A few days ago, Jeffrey Kallberg sent a note asking about the practice of writing American Indian words -- especially proper names -- with multiple internal hyphens.
I write with a query having to do with a current project of mine on Chopin's Berceuse, as it might relate to the composer's broader world view in the 1840s.
The essay deals in part with Chopin's interest in a group of Ioway (Baxoje) Indians "exhibited" in Paris by George Catlin; Chopin may have visited two of the Ioway himself, in the company of George Sand, who was particularly taken with the native Americans (she wrote a long essay about them). And he certainly read a number of the articles about them that appeared in the Parisian press.
In a letter to his family, echoing the practice found in all the press accounts I've seen, he gives the names of the husband and wife as "Shin-ta-yi-ga" and "Oké-wi-me." There are variant spellings of the individual syllables of these names, but the names themselves always appear in this hyphenated form.
My question has to do with the history of this hyphenating practice. I assume that it derives from the practices of the various Western missionaries and explorers who first documented their encounters with the native Americans. And I presume equally that the hyphens have little do with Baxoje self-representation. Has anyone written about why hyphens came to be used so prominently in writing the names of native Americans? It obviously draws attention to the "unusual" (to Western eyes) syllables - but you don't see this (I think) when people write about "unusual" eastern European names (to take one area I know pretty well).
Prof. Kallberg relays a hypothesis:
A colleague who works on native American (and Canadian) music opined that European notions of "primitive" culture might lead them to think that the language they encountered had only monosyllabic words. (She noted that she didn't know of any Native American languages with short words since most are polysynthetic -- making whole sentences by adding syllables into the middle of words). Hence the hyphens may have been a means of marking what they thought were word divisions.
Gene Buckley commented:
I've always thought this was a holdover from the 19th-century style of phonetic transcription, such as that in John Wesley Powell's "Introduction to the Study of Indian Languages" from 1880. I have copies of a "schedule" from that book -- lists of vocabulary to elicit -- in Alsea (coastal Oregon), and hyphens separate nearly all syllables. I don't have the instructions for the schedule in front of me but I think this practice is specifically advocated. I do have the printed "Indian linguistic families of America north of Mexico" by Powell and he uses hyphens when he gives the native pronunciations of various language names.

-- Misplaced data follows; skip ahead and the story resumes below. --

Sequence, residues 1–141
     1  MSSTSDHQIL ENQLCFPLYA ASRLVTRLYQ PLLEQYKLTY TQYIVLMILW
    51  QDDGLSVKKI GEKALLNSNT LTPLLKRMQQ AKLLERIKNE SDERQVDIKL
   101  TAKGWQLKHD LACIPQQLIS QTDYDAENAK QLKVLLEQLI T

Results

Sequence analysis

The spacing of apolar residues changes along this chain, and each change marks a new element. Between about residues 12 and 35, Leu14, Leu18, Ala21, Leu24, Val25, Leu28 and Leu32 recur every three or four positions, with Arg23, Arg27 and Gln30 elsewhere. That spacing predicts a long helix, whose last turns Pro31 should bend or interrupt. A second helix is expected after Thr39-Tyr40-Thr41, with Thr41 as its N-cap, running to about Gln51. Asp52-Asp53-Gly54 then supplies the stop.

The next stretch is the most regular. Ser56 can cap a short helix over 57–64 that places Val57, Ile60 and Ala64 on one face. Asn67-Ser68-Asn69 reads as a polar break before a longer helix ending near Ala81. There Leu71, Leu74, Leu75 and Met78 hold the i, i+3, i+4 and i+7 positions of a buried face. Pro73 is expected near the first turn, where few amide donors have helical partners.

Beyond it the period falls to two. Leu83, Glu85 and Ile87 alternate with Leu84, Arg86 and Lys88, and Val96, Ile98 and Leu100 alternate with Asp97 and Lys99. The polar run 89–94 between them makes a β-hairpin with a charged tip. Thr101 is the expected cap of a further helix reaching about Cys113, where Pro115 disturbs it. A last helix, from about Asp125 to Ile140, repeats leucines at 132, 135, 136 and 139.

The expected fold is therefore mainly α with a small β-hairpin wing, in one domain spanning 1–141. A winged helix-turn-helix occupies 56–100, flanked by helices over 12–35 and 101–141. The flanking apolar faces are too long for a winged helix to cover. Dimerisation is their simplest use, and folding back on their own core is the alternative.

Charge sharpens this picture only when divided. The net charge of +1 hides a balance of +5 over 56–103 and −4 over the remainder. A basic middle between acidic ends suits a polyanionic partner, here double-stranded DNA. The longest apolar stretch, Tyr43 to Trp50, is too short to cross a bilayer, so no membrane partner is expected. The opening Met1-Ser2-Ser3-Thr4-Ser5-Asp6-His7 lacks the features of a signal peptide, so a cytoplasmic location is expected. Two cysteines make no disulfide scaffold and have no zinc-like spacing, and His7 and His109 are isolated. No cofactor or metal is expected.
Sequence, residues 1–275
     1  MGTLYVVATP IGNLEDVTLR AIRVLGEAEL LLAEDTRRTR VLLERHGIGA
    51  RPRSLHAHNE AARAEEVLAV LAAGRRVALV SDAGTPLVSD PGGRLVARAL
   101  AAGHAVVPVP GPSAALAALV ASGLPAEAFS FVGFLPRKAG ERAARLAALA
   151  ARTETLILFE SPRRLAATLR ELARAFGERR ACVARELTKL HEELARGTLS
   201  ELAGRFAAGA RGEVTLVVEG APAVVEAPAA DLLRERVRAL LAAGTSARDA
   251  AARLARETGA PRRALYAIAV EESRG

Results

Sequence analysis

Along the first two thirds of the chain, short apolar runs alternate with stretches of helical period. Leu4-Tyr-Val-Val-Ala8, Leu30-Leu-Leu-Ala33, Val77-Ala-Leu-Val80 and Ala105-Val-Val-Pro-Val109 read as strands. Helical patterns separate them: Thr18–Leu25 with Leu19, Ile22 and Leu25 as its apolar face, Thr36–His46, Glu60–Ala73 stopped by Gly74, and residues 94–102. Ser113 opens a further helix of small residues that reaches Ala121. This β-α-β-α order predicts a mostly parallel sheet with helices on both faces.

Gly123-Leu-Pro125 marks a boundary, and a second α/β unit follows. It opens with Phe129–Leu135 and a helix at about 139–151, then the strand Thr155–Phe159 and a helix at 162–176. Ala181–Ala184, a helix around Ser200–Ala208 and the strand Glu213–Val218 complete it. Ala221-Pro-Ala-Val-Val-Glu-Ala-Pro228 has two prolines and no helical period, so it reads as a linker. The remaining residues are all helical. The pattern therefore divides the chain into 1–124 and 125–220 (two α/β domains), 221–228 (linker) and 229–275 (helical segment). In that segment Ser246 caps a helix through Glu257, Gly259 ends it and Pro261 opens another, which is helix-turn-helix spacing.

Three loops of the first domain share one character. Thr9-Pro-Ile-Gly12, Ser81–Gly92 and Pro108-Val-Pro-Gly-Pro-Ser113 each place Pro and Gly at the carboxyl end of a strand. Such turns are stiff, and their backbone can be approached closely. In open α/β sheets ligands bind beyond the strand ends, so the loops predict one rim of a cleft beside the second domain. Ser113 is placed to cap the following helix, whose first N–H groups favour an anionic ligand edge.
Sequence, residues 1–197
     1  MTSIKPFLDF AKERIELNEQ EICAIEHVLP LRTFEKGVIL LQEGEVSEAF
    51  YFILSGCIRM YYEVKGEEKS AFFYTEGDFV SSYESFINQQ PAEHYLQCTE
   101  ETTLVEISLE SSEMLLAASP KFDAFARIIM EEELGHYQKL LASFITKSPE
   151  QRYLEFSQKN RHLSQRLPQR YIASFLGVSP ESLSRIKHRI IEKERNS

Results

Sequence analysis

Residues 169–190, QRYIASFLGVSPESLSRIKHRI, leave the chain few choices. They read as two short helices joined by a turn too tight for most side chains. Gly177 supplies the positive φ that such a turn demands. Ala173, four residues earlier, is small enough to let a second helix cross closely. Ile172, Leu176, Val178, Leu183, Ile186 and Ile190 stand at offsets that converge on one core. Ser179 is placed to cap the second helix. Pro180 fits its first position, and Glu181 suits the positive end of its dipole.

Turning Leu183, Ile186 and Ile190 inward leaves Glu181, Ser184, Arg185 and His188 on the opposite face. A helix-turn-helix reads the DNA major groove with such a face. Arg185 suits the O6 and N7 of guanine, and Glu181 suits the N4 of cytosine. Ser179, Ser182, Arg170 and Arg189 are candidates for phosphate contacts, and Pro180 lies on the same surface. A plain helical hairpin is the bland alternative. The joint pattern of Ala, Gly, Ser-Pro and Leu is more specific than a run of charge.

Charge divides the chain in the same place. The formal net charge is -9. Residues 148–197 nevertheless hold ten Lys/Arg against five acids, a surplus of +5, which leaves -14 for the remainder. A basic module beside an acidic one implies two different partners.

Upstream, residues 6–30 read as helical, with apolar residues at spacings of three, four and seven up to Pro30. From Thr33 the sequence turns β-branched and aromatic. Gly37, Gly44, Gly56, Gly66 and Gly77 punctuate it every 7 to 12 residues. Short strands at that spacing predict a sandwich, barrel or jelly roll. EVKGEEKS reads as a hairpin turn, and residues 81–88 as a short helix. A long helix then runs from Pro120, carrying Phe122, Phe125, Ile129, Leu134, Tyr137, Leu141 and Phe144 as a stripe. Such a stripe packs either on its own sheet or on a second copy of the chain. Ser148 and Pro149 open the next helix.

Other sources also did this frequently, which is helpful when the phonetic alphabet was fairly primitive and sometimes vulnerable to regular orthographic interpretation. Early transcribers probably sounded things out syllable by syllable anyway. This was the way that many of the languages were first written down, so the hyphenated style at least has tradition behind it, and doesn't require the same linguistic training to interpret as the 20th century transcriptions do.
But there's more to it, because earlier sources don't use this style. Thus Benjamin Smith Barton's "New views of the origin of the tribes and nations of America", 1797, contains long vocabulary lists compiled from multiple sources, in which hyphens are quite rare. Here's p. 2 of his word lists, for example:
The same is true for the word lists in Alexander MacKenzie's 1793 journal, described in Bill Poser's post "Words from the West" (9/27/2004).
After a very short search, the earliest hyphenated examples that I've been able to find are in John Tanner's 1830 work A Narrative of the Captivity and Adventures of John Tanner (U.S. Interpreter at the Saut de Ste. Marie) During Thirty Years Residence Among the Indians in the Interior of North America (1830). Thus the subheading to Chapter 1 reads:
Recollections of early life -- capture -- journey from the mouth of the Miami to Sa-gui-na -- ceremonies of adoption into the family of my foster parents -- harsh treatment -- transferred by purchase to the family of Net-no-kwa -- removal to Lake Michigan.
Describing his abduction by a Shawnee band at the age of nine, he writes:
The Indians who seized me were an old man and a young one; these were, as I learned subsequently, Manito-o-gheezhik, and his son Kish-kau-ko.
So apparently the hyphenation practice arose at some time between Barton's book in 1797 and Tanner's book in 1830.